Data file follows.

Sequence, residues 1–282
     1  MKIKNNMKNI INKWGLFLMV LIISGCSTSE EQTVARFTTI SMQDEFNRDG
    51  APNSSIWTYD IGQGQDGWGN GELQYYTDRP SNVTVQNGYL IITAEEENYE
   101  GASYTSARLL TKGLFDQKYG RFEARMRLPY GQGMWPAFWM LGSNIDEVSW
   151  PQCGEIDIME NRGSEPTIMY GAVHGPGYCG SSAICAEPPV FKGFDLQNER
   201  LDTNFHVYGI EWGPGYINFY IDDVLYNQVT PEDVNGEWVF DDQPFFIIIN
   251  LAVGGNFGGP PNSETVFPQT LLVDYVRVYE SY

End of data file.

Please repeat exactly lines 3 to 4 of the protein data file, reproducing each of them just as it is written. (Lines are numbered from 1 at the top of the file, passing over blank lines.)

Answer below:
    51  APNSSIWTYD IGQGQDGWGN GELQYYTDRP SNVTVQNGYL IITAEEENYE
   101  GASYTSARLL TKGLFDQKYG RFEARMRLPY GQGMWPAFWM LGSNIDEVSW